Lost in the desert that is now called public discourse regarding trade are the nontrade benefits of free trade arrangements.
Like so much that is polarized about American politics, the extreme camps dominate the public discourse. We have taken the complex universe of trade and attempted to box all positions into either “Free traders” or “Protectionists.”
It is granted that extremists on both ends usually can be revealed easily since their positions on economics supersede the nation’s needs. Free trade extremists, acolytes of the religion of globalization, would sacrifice national security interests for profit. At the other end of the spectrum, extreme protectionists would ensure that failing industries, that would eventually hurt the nation, continue under government largesse.
Often lost in this swamp is one of the principal benefits of actual free trade, which increases security and diplomatic power. The common-sense approach realizes that free trade, which is based on mutual benefit, secured against government corruption, predatory pricing and lending, dumping and over-regulation, is a net positive.
Needless to say, China engages in all of those harmful practices, making it the most flawed example of free trade on the planet.
One free trade agreement that would knit together economic, security, diplomatic and cultural alliance is the one between the U.S. and the U.K.
One of the potential positive outcomes of Brexit is to reignite the need for this economic union. What comes to mind is Winston Churchill’s famous quote of 1940, “We must be united, we must be undaunted, we must be inflexible. Our qualities and deeds must burn and glow through the gloom of Europe until they become the veritable beacon of its salvation.”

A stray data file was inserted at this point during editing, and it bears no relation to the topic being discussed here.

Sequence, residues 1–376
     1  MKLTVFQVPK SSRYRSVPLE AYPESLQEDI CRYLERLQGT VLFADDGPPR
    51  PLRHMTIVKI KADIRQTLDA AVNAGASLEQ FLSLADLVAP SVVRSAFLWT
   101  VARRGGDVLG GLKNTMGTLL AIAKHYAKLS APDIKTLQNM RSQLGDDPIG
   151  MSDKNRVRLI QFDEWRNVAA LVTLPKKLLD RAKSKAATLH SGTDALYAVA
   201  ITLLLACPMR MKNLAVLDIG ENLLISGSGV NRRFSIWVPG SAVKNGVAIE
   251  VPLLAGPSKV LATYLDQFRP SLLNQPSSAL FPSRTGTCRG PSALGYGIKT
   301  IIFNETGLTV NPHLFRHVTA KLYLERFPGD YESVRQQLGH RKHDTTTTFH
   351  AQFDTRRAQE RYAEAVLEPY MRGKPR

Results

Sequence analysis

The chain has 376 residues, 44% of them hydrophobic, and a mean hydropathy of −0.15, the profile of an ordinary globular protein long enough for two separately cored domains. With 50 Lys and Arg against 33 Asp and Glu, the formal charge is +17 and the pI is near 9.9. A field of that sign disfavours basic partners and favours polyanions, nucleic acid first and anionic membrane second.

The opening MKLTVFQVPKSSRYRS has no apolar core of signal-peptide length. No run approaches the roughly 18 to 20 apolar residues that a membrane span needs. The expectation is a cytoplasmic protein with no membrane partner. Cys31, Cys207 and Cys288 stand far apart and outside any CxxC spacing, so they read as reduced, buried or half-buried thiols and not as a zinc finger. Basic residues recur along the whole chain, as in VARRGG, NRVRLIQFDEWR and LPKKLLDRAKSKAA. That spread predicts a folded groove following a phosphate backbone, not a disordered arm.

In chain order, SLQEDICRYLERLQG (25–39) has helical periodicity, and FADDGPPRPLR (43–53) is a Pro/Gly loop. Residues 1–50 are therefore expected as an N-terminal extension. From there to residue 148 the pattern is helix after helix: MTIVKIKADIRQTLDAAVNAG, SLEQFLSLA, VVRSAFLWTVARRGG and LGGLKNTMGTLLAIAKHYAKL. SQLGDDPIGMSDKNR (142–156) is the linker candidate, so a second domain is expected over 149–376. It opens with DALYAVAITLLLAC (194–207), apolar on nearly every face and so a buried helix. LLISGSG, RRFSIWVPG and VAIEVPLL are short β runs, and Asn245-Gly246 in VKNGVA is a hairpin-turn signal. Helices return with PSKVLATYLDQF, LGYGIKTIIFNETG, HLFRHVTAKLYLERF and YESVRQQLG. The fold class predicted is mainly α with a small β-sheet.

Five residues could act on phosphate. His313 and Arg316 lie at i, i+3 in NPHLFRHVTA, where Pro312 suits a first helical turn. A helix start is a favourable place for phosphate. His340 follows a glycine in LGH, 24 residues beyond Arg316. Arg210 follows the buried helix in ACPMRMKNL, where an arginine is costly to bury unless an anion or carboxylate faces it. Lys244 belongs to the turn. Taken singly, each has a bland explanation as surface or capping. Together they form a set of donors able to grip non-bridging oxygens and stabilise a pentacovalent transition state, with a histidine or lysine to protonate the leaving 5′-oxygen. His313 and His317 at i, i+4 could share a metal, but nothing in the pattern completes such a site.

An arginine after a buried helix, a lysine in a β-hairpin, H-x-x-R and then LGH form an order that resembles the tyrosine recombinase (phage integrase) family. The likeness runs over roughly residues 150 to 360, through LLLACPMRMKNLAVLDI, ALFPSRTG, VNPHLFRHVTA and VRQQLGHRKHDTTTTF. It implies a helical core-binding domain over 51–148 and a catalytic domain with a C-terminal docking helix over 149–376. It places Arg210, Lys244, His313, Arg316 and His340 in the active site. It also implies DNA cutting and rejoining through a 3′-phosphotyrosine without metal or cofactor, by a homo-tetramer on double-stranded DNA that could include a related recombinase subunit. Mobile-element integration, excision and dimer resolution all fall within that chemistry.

Many economists have focused on the failed attempt from 2013 to 2016 to create a Transatlantic Trade and Investment Partnership (T-TIP), which failed primarily due to the EU overregulation and protectionist practices in areas such as agriculture and automobiles.
Prior to Brexit, any free trade arrangement with Great Britain would have had to be under an EU umbrella. Prime Minister Boris Johnson was vilified by many on the U.S./U.K. leftwing for supporting Brexit, though few would trade the U.K.’s response to the COVID pandemic with that of the E.U.
As a result of Brexit, President Donald Trump and Prime Minister Johnson engaged in five negotiation sessions which started on May 5, 2020, to hammer out a U.S./U.K. FTA.
The Trump administration envisioned the benefits of such an agreement to expand economic opportunities in all sectors, create better-paying jobs for Americans and eliminate tariffs and nontariff barriers between the two. In addition, the U.K. felt that such an agreement would enliven British GDP and consumer choice.
Although there are many more positives than negatives, there are hurdles to overcome. For example, British food standards that oppose particular GMOs, chemical, antibiotic and hormone use by U.S. producers are a clear issue on their side of the Atlantic, while Americans view the British National Health Service (NHS) effectively undercuts American pharmaceuticals through government support. There are also sticking points over digital service taxes.
This U.S./U.K. FTA would join the world’s first- and sixth-largest economies and promote military and defense sales and technology exchange when anti-Western adversaries are growing in strength. More importantly and beyond the scope of any economic calculation, such an FTA would strengthen the Anglo-American special relationship at a time when Churchill’s dream of the destiny of the “English-speaking peoples” is needed more than ever.
It would fulfill the fifth clause of the 1940 Atlantic Charter between President Franklin Roosevelt and Prime Minister Churchill: “Fifth, they desire to bring about the fullest collaboration between all nations in the economic field with the object of securing, for all, improved labor standards, economic advancement and social security;”.
This is not merely the concrete military and diplomatic link which is the strongest between two nations, perhaps in history, but a bond of history, law, culture, religion and society.
Such an agreement is the natural and organic outgrowth of the Anglosphere as the center of gravity of western democratic and Judeo-Christian values whose influence over democracy promotion, human rights, the rule of law, the free flow of goods, services and ideas are the very cornerstones needed for a bright 21st century.
This piece originally ran on Newsmax on 6 May, 2021.